How to Get Government Translation Jobs

How to Get Government Translation Jobs

As an entity that frequently conducts affairs in other countries, the government is a good place for linguists to look for a translation job. Granted you will likely be working in an office all day and receiving assignments from your supervisor. However, you will receive a steady paycheck and have access to health insurance. Getting government translation jobs is not the same as applying for jobs at regular businesses or going freelance. There are some steps involved that you will probably never have to complete when you submit an application for a civilian job. Here are the steps to obtaining a translation job with the government.

You must first figure out where the jobs are. There are many departments within the government that need translators. This includes the military, the FBI, CIA, and even local government offices such as the Department of Social Services. The government advertises jobs in several different places. They will post them on the individual office’s website. Sometimes they also get posted to regular job boards like Yahoo! Jobs. The best way to find out where to look for translation jobs is to use a search engine like Google. This will provide you with a starting point that will eventually lead you where you want to go.

The majority of government offices require you to fill out a proprietary application rather than submit a resume. Most times you can attach your resume to the application but it will not be accepted on its own. Call or email the department you are applying to and find out their exact procedures. The government is not like corporate America. If you don’t follow the rules then your application will be rejected. However, be certain to detail the education, credentials, and experience that relates to the position you are applying for.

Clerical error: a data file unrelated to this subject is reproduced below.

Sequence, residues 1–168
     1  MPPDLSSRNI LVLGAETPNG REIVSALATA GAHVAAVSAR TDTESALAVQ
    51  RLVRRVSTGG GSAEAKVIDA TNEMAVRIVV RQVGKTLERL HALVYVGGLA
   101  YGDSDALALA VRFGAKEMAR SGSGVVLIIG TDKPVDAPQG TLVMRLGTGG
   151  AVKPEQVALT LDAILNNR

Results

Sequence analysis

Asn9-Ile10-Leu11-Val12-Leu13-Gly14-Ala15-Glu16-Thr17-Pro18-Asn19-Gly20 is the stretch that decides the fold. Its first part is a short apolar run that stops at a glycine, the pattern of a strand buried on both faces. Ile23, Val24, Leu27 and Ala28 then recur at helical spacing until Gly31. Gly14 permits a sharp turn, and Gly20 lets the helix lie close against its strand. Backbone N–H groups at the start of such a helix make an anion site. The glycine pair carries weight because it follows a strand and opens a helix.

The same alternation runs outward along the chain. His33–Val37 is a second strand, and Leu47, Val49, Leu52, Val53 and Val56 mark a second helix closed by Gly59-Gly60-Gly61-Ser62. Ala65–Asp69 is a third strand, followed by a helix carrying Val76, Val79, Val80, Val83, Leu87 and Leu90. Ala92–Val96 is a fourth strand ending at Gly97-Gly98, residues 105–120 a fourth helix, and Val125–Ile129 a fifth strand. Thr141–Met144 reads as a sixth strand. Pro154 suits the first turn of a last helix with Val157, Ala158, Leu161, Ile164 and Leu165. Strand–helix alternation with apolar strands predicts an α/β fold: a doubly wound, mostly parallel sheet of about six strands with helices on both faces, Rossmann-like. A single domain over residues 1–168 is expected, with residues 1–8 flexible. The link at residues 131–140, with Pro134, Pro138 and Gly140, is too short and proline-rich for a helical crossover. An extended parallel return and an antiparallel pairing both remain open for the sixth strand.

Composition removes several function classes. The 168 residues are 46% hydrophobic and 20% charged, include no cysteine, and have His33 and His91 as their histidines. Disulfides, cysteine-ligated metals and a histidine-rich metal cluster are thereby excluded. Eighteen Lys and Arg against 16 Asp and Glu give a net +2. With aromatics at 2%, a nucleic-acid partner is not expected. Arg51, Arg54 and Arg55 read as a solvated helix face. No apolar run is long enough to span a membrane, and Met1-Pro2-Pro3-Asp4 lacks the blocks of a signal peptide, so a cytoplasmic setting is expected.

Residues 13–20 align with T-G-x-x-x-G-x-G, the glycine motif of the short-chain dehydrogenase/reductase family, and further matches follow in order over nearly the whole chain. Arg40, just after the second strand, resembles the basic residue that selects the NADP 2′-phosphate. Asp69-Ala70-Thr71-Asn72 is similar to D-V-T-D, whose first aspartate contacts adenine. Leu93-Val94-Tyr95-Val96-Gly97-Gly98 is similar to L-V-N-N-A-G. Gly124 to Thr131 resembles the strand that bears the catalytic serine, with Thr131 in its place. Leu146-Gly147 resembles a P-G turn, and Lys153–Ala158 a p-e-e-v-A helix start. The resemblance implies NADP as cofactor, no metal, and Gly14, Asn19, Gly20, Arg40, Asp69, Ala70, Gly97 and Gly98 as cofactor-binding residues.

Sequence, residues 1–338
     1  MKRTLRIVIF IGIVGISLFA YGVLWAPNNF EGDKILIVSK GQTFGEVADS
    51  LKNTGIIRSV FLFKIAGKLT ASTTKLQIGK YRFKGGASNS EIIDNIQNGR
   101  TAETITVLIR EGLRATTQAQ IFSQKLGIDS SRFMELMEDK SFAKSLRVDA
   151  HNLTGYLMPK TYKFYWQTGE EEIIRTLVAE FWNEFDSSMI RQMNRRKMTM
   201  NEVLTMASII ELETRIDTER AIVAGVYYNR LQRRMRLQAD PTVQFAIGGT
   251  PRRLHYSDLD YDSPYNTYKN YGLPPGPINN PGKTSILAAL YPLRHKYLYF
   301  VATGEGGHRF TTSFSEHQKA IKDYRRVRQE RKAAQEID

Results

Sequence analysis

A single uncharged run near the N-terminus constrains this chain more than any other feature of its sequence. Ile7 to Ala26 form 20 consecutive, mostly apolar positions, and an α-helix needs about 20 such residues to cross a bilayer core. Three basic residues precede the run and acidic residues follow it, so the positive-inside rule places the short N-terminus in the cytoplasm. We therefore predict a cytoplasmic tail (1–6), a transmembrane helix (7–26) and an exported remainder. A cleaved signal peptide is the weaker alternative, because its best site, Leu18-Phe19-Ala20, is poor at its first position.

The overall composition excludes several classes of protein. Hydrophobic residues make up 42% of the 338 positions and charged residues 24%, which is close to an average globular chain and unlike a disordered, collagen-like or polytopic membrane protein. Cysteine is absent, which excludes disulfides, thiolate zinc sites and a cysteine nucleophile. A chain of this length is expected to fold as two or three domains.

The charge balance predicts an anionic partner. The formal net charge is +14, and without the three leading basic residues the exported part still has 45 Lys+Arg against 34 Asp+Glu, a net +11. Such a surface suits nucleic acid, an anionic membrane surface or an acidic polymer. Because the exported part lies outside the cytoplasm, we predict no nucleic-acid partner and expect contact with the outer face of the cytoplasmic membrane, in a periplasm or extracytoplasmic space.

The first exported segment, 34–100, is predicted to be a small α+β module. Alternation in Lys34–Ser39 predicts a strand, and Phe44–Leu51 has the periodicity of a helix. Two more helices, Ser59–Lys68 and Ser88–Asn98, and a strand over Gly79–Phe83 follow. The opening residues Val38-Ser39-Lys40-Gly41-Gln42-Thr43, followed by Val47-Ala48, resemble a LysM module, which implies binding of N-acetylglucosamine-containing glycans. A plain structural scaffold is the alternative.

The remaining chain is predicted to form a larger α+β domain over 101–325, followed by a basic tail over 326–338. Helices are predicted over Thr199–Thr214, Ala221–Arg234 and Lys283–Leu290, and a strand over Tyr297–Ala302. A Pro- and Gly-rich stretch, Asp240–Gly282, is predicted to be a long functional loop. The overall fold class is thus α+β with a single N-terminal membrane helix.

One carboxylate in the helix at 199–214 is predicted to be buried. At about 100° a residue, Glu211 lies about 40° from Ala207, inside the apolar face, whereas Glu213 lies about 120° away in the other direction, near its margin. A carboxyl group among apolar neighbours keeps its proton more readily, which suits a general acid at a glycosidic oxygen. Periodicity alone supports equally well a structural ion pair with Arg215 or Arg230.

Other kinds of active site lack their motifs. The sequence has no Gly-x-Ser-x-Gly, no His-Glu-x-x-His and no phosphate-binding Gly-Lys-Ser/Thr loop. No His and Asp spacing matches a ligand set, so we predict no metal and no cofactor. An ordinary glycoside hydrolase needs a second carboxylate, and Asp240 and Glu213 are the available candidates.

Depending on where you have applied for work, you may have to undergo a background check for a security clearance. The government will investigate your criminal past, previous work history, and even your credit to make sure that you are not a security risk. The higher the clearance that is needed, the more in-depth the background check will be. You need to be prepared for this as if there is anything in your history that would disqualify you then you need to be upfront about it. After you submit your paperwork it usually takes the government a few weeks to several months to make a decision so be patient.

-By Adriana Tassini

The following Translator Q & A is part of our Translator FAQ Series.Question:Answer: Learn more:Tags: How to Get Government Translation Jobs, Working as a Translator for the Government, Governmental Projects for Translators,